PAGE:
Recent laws requiring voters’ photo identification at polling offices aren’t the first to complicate the democratic process of voting, and probably won’t be the last. But in a political climate of low voter turnout, virtually nonexistent voter fraud and infinitesimal margins of victory in elections, it’s important that every American citizen — not just the majority who have a form of photo identification — be able to take part in the election process.
These laws were passed for the purpose of increasing voter security and improve voter turnout. This legislation would be effective if voter fraud had a significant impact on election results, and if people knew voting polls were secured.
But neither of these assumptions are true. In a comprehensive study tracking voter elections from 2000 to 2014, Loyola Law School’s Justin Levitt found that in over one billion votes investigated, there were only 31 cases of voter impersonation.
This shows that voter fraud does not have a significant impact on the outcome of elections — its frequency being less than 0 percent. A research study at Columbia University on the impact of voter fraud finds that “…perceptions of fraud have no relationship to an individual’s likelihood of turning out to vote.” In regards to voters’ sense of security in elections, the report also found that whether voters are subject to strict identification requirements or lax ones, they expect the same rates of fraud to occur. In short, the laws do not instill a greater sense of election security in voters.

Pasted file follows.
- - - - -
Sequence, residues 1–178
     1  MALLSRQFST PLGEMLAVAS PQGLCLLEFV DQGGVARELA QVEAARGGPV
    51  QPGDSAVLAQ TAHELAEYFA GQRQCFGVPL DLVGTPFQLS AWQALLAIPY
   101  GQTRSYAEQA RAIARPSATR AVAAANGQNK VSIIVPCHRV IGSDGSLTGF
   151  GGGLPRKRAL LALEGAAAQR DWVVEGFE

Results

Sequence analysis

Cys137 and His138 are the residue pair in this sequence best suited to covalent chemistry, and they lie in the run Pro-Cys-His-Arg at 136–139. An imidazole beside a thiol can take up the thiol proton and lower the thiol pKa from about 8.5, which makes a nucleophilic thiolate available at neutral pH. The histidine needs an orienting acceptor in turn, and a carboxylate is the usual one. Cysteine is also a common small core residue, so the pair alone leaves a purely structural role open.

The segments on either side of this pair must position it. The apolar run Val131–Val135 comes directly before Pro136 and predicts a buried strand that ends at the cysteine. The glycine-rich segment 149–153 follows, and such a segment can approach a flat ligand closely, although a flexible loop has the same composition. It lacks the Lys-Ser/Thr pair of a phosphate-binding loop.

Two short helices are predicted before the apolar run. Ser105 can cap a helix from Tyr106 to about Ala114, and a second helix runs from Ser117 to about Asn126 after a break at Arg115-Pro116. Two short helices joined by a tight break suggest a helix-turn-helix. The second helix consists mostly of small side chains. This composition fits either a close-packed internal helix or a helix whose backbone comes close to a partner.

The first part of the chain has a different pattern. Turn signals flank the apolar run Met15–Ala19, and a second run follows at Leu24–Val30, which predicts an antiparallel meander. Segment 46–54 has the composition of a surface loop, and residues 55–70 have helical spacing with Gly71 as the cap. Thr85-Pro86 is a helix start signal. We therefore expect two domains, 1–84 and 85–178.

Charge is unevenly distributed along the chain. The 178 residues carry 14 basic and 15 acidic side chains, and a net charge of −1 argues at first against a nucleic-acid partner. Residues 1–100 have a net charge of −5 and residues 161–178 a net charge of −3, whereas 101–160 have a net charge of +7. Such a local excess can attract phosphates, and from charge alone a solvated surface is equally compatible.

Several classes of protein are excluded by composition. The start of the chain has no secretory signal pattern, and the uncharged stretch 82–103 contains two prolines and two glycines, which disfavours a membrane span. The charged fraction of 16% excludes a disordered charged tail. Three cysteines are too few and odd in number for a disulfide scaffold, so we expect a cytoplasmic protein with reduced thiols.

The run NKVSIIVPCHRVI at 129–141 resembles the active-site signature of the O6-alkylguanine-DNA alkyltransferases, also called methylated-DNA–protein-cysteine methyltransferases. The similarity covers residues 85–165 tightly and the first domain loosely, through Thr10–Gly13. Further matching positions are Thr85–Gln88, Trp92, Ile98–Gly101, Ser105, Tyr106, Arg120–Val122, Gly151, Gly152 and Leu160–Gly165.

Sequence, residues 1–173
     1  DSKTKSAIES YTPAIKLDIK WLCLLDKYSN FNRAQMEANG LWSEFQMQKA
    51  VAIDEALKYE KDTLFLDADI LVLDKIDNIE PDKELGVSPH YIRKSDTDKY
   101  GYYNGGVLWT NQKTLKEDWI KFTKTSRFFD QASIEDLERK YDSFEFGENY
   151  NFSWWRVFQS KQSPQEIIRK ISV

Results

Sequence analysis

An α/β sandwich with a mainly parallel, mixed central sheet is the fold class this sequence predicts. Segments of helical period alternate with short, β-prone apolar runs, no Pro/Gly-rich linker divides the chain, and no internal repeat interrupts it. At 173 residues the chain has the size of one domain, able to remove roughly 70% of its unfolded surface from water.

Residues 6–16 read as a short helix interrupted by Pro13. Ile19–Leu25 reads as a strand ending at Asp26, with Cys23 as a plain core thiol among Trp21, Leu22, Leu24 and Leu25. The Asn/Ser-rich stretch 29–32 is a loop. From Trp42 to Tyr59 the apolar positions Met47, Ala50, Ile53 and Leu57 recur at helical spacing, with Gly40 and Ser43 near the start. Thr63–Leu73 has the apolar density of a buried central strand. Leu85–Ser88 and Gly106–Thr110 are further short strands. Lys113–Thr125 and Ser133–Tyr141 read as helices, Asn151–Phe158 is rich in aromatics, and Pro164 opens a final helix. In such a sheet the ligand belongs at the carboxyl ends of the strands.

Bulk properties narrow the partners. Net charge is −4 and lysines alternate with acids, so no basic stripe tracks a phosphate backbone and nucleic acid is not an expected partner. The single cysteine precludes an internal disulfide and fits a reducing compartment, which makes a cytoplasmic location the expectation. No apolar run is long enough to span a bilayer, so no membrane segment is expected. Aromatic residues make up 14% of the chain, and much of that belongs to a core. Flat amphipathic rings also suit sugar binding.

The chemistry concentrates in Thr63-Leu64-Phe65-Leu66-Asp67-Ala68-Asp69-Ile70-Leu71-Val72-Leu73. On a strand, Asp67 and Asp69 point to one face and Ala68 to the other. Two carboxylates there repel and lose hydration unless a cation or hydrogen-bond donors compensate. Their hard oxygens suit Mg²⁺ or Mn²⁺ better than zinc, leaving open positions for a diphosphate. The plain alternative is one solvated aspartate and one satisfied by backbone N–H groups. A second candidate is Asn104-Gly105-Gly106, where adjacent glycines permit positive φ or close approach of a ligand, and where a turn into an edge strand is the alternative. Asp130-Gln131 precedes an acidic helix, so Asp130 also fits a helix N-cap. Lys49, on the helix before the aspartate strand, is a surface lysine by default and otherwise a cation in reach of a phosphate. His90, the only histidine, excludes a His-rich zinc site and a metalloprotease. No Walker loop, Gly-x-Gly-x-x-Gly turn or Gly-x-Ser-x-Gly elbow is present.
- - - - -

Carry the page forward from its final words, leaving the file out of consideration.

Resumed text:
Despite this, a recent UCSD study found that they do decrease turnout by 10.8 points among Latino voters and 12.8 points among multiracial Americans in states requiring strict photo ID versus those without such restrictions. They similarly double the gap between white & Latino voters — resulting in 11.9 points compared to 5.3 — and between white and multiracial voters. Across states, the decrease in turnout with such laws in place is disproportionate by party: Democratic turnout drops by 7.7 percent in general elections where strict photo ID laws are in place, whereas Republican turnout drops only by 4.6 percent.
Where discouragement of voters does occur is within the estimated one to 10 percent of voters without photo identification. This fraction of the population is turned away from elections in states with strict photo identification laws in place. And they’re also discouraged from voting in states which request photo ID without enforcing it.
In these states — which currently number at 17 total — voters can sign an affidavit of identity while casting their votes instead of showing photo ID. In this case, they will be contacted through the mail and required to respond in order to confirm they live in the residence specified on the affidavit. If they do not respond, their vote is not counted. While this doesn’t explicitly turn voters away from booths, it punishes Americans without photo identification, with barriers that don’t exist for higher socioeconomic classes.
Groups who felt voter fraud was most common, according to a Columbia report analyzing public opinion by demographic, were Republican, conservative, white and of the highest income quintile on the report.
While only a fraction of states currently require photo identification, these laws are in place to go into effect in most — if not all — states. Within nine years, 36 states passed these laws based on no severe threat, ten of them being absolutely restrictive. Stricter voter identification laws make voting an impossibility for some.
No infringement on voting rights and representation happens overnight. Literacy tests did not suddenly surface to disenfranchise Black voters. The identification requirements currently in place are just the beginning of what could become a national establishment to prevent citizens of lower socioeconomic classes from exercising their right to participate in elections.